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Last night was the opening night of the Jason Ringenberg residency at The 5 Spot in East Nashville. Ringenberg is the Jason from Jason and the Scorchers (the seminal Nashville band beginning in the early 1980s). He is also the Jason from Farmer Jason (host of a PBS kids show and creator of albums for children). His special guest for week 1 was Webb Wilder (another quintessential figure on the 80s Nashville music scene).
Playing to a pretty packed house, Ringenberg and Wilder really seemed to be enjoying themselves. Jason opened with "Halcyon Times" - the title track from a Scorchers album before turning the stage over to Webb Wilder who moved through a set that encompassed his long career. Including, classic Webb Wilder songs like "How Long Can She Last" and "Human Cannonball".
Ringenberg's set included several classic Scorcher's songs as well as songs from his solo albums, and a cover of "Trail of Tears" by the great Georgia band, Guadalcanal Diary.
Wilder then joined Ringenberg to close out the night by each singing a song by the other. Jason sang, "Sitting Pretty" from 1991's Doo Dad and Webb sang "Shop it Around" from the first full-length Scorchers album Lost and Found. They then performed a Farmer Jason song before closing the evening with a really awesome version of Buddy Holly's "Rave On".
Tonight, I am going to check out Joey Kneiser and his band at The East Room. His new album, The Wildness is getting rave reviews.
"Mary" by Brian Wright and the Waco Tragedies
East Nashville songwriter Brian Wright is one of those rare performers who when you hear them for the first time, you think, "Who is this guy? Why did I not know about him before now? and Why doesn't everyone know about him?" He's that good. I have been fortunate enough to see him perform live several times over the last year or so, and he never, never fails to impress. He recently made a bunch of his music available digitally. This song is from an album called Dog Ear . If you don't know Brian Wright's music. Make yourself a New Year's Resolution to fix that right away.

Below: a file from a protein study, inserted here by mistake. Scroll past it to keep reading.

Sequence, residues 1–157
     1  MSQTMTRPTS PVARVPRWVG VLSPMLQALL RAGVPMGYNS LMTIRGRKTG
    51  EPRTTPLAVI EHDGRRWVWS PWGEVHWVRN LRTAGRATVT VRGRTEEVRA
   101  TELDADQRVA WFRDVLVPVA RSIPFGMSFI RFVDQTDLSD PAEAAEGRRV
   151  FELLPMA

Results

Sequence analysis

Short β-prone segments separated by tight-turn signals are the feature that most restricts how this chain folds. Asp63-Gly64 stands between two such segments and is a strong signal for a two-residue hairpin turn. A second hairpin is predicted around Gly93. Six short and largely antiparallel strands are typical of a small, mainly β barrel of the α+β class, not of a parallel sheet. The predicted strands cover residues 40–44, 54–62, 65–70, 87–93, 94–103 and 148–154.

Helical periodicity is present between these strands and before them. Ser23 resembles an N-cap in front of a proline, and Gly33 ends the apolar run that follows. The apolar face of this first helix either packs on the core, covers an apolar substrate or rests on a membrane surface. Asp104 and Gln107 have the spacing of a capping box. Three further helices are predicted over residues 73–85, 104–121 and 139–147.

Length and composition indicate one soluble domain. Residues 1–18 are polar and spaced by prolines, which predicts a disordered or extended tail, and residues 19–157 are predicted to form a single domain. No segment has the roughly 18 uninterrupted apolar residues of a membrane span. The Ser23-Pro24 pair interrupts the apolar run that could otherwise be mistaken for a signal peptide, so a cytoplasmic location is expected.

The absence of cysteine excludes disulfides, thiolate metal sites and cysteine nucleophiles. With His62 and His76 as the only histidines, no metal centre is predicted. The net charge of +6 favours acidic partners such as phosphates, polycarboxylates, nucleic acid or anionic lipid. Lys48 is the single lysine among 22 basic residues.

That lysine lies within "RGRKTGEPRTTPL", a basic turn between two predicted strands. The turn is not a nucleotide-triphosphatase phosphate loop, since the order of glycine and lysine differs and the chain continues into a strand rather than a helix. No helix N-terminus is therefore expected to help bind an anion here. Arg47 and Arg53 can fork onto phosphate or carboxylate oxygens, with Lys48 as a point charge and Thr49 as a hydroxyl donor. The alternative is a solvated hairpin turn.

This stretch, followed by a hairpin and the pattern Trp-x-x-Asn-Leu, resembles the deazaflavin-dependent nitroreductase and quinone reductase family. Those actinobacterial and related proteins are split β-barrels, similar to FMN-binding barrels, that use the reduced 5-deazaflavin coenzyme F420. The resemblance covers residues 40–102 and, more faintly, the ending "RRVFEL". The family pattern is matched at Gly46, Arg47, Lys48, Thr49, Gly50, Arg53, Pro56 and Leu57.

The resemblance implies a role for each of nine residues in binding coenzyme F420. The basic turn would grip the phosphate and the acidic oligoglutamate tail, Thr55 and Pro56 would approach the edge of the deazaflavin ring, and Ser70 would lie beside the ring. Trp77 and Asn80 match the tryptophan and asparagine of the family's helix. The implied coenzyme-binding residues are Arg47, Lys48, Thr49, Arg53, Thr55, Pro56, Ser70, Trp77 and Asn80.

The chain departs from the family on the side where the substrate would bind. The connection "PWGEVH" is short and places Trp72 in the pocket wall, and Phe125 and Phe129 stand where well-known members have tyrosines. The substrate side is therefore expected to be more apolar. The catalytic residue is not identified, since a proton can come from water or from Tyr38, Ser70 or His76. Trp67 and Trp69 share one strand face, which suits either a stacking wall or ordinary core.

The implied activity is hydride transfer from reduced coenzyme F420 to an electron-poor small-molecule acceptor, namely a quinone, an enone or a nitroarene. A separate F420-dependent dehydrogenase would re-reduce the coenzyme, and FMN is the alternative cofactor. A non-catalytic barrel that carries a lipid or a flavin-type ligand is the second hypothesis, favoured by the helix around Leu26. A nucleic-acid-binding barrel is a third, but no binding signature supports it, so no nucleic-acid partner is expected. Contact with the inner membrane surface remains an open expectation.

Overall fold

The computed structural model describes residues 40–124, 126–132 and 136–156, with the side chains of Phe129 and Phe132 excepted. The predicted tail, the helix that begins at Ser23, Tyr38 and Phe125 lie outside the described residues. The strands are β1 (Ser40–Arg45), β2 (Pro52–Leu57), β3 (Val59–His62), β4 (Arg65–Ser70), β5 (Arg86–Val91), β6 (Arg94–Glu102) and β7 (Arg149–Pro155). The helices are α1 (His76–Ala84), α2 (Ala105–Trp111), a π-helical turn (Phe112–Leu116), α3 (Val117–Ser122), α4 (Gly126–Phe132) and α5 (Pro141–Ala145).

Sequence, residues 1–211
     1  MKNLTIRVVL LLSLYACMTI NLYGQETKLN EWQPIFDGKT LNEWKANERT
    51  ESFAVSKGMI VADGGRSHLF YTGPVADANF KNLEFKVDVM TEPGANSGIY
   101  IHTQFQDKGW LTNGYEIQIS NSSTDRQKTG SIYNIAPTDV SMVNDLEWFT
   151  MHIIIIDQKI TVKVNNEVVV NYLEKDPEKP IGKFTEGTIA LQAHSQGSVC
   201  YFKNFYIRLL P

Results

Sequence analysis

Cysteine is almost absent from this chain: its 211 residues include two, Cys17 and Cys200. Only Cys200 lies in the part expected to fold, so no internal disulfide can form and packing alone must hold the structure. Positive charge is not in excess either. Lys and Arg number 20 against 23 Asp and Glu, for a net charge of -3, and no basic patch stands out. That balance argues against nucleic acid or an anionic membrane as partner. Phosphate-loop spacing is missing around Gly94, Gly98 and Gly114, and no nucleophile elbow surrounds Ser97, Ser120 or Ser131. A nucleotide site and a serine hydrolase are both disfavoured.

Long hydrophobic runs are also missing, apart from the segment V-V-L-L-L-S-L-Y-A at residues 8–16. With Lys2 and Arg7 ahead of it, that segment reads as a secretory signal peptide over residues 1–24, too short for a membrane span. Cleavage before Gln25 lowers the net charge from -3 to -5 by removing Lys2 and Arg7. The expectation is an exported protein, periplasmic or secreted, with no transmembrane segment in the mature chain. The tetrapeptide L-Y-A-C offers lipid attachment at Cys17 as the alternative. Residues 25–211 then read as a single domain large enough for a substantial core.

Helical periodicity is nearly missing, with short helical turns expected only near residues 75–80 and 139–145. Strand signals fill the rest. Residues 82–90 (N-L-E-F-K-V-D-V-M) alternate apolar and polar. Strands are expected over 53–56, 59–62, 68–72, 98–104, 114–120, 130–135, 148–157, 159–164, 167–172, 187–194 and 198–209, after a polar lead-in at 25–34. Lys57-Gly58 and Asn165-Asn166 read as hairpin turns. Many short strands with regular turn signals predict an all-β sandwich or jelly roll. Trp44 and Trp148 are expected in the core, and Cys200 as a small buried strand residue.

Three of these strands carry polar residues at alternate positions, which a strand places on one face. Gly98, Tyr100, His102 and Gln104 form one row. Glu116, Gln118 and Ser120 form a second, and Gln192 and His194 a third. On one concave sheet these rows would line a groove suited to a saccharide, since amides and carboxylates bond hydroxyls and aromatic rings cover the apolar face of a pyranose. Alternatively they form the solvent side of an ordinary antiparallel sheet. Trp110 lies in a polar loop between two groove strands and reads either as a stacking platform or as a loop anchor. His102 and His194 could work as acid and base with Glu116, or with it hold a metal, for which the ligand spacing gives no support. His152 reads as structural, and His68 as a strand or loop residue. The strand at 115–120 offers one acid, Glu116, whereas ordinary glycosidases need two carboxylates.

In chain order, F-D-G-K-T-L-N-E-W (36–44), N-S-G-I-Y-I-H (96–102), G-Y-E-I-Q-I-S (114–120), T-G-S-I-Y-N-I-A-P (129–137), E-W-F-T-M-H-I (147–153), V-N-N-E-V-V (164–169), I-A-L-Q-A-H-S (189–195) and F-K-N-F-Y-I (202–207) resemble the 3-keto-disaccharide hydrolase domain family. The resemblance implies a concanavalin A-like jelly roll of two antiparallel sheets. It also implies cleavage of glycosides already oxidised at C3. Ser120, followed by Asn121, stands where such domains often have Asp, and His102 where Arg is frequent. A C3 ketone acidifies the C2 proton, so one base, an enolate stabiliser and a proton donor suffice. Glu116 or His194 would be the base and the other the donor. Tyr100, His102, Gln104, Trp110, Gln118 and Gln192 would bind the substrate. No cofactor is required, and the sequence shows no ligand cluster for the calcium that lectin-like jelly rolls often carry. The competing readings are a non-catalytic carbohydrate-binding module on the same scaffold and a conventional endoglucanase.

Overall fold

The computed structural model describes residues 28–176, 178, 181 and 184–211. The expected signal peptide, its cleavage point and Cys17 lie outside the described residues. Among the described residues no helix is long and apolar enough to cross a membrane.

"Hot Rod Lincoln" by Bill Kirchen
A classic rock and roll car song. The original version of this song was released in 1955 by the writer of the song Charley Ryan with The Livingston Brothers. It has been covered several times, notably in 1971 by Commander Cody and His Lost Planet Airmen. Kirchen was the lead guitar play for that version. His version of the song is notable for including a tribute to several of the great rock and roll guitar players - as imitated by Kirchen. Check it out - played live in the Video playlist.
"Every Road" by The Transcendents
We wrap up the EP Lay Where You Collapse which was released last July. The follow up, Common Ground was released in October. I really love the unique sound of this band from New Zealand - which is experimental but firmly grounded. This track is very evocative and the lyrics are top notch. At one point, the lyrics reference Bob Dylan's album Blood on the Tracks and Eleanor Catton's 2013 novel The Luminaries in the same stanza. (a silly but kind of cool aside, when I was tagging The Transcendents, I typed The Tr and among the suggestions offered was Blood on the Tracks.)"Dark Angel" by Gretchen Peters
A gorgeous song from Peters' 2012 album Hello Cruel World.
"Kiss Off" by Violent Femmes
The self-titled Violent Femmes album played such a important part in my younger days and to be honest, I never get tired to revisiting it. The teenaged angst here is so palatable. I don't know how many times I sang along to this at top volume just to try to express what was for me at the time so inexpressible.
"Lost to the Deep" by Simon Fagan
Singer, songwriter Simon Fagan was one of the earlier artists I covered on Ear to the Ground. I always dug his songs, but I had kind of lost touch for a while. Toward the end of 2015, though, I got this track from his new album Gilded Bird. I look forward to hearing the whole thing.
"To the Kill" by Violent Femmes
We close out the shuffle with another from Violent Femmes.